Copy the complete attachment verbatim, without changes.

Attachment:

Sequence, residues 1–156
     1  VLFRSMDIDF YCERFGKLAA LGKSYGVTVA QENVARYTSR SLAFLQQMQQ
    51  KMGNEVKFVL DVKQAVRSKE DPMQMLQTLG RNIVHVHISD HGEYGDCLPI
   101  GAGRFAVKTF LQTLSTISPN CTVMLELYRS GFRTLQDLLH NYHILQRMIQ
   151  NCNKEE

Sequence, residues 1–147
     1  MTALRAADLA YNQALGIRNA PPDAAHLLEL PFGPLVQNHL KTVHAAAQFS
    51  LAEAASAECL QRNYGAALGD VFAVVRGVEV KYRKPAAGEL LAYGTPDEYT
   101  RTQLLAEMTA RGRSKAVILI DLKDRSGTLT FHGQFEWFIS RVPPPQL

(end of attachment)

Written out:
Sequence, residues 1–156
     1  VLFRSMDIDF YCERFGKLAA LGKSYGVTVA QENVARYTSR SLAFLQQMQQ
    51  KMGNEVKFVL DVKQAVRSKE DPMQMLQTLG RNIVHVHISD HGEYGDCLPI
   101  GAGRFAVKTF LQTLSTISPN CTVMLELYRS GFRTLQDLLH NYHILQRMIQ
   151  NCNKEE

Sequence, residues 1–147
     1  MTALRAADLA YNQALGIRNA PPDAAHLLEL PFGPLVQNHL KTVHAAAQFS
    51  LAEAASAECL QRNYGAALGD VFAVVRGVEV KYRKPAAGEL LAYGTPDEYT
   101  RTQLLAEMTA RGRSKAVILI DLKDRSGTLT FHGQFEWFIS RVPPPQL